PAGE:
After weeks of largely peaceful protests, the nation’s capital turned ornery on Monday, as demonstrators took to the streets with a renewed fervor.
There didn’t seem to be any impetus for this sudden escalation in rhetoric and tactics, but the images that were coming out of Washington DC last night were stark, to say the least.
Anti-racism protesters tried to pull down a monument of Andrew Jackson, the seventh president of the United States, in a park near the White House before police intervened. https://t.co/oy3z685A61 pic.twitter.com/jXptDZCHKW
— ABC News (@ABC) June 23, 2020
Police have arrived at the White House where protesters were trying to tear down a statue and build an autonomous zone. Tensions are high: pic.twitter.com/TFnkOR8cs6
— Shelby Talcott (@ShelbyTalcott) June 23, 2020
On Tuesday, President Trump addressed the protests and the vandalism, and made a sincere and bold threat against those who would attempt to tear down or deface these statues.
President Trump declared Tuesday morning that anyone caught vandalizing monuments or any other federal property can be subject to arrest and face up to 10 years in prison.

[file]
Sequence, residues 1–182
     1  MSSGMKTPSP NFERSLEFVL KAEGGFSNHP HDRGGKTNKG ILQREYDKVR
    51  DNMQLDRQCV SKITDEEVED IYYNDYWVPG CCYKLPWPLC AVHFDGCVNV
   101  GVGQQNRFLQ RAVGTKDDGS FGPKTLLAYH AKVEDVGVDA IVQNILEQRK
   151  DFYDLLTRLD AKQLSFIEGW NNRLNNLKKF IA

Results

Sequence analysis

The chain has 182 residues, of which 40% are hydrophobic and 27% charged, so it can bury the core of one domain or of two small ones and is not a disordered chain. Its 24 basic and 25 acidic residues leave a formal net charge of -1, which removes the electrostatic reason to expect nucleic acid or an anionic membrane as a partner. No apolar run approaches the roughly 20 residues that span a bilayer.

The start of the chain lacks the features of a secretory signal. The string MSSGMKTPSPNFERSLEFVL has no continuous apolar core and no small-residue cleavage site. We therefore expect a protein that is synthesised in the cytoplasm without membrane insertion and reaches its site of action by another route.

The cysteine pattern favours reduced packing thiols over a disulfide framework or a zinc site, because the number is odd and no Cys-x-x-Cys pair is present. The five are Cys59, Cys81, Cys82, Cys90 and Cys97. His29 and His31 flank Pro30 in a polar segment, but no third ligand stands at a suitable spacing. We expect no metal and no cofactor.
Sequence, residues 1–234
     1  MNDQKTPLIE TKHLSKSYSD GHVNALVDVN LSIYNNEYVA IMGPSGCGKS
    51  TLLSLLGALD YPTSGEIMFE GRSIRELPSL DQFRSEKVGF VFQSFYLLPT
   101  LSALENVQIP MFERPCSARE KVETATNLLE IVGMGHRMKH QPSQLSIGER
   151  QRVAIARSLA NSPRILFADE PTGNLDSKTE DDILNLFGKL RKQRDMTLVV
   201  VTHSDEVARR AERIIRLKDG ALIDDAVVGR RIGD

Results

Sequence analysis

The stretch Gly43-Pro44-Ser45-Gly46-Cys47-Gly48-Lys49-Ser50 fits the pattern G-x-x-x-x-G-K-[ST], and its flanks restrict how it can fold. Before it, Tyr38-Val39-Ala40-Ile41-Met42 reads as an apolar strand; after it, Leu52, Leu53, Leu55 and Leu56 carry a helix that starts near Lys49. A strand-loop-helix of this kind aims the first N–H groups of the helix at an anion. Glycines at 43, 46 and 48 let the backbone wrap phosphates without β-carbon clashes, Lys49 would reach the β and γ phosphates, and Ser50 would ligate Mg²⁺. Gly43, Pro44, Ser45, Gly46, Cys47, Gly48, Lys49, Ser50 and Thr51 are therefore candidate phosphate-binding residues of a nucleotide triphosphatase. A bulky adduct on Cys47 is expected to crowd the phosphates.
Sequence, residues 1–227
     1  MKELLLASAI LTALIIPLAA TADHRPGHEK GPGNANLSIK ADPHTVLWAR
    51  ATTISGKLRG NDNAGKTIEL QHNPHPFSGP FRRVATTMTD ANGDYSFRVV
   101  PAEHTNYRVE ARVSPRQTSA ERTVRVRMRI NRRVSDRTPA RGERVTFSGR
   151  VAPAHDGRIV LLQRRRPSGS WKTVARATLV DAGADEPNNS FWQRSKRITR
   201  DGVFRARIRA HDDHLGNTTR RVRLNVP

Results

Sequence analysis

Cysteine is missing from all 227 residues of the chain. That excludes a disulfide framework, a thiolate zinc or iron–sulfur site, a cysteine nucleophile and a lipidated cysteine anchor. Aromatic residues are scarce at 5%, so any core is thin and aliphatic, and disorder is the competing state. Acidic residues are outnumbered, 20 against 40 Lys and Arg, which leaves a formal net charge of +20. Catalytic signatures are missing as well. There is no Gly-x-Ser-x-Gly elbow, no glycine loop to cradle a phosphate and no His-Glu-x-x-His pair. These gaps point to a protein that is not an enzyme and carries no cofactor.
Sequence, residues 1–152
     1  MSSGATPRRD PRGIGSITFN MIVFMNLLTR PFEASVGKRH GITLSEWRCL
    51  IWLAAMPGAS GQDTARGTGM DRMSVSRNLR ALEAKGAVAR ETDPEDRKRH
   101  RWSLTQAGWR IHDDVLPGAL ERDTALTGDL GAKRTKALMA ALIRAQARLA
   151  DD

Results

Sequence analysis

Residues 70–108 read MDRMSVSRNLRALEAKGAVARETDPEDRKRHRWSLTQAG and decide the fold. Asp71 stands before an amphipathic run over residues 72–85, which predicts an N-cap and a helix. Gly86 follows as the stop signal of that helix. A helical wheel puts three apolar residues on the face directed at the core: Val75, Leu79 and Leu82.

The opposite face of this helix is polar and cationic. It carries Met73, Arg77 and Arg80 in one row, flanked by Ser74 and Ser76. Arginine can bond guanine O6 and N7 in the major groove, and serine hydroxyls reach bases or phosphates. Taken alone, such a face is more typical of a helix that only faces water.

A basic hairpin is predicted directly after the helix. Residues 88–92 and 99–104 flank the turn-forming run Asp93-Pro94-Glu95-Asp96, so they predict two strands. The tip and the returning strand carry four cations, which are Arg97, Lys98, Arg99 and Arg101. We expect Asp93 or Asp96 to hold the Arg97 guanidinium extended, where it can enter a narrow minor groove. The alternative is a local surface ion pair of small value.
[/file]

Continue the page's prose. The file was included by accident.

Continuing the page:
The president’s latest statement follows an attempt to take down a statue of Andrew Jackson in Washington, D.C.’s Lafayette Square near the White House Monday night, a second incident targeting the nearby St. John’s Church, and prior vandalism of the Lincoln Memorial and World War II Memorial.
“I have authorized the Federal Government to arrest anyone who vandalizes or destroys any monument, statue or other such Federal property in the U.S. with up to 10 years in prison, per the Veteran’s Memorial Preservation Act, or such other laws that may be pertinent,” Trump tweeted. “This action is taken effective immediately, but may also be used retroactively for destruction or vandalism already caused. There will be no exceptions!”
Just days ago, the American Museum of Natural History in New York City announced that it would be removing a statue featuring President Theodore Roosevelt over its depiction of African American and Native American people. The President used Twitter to implore the institution not to go through with the plan.
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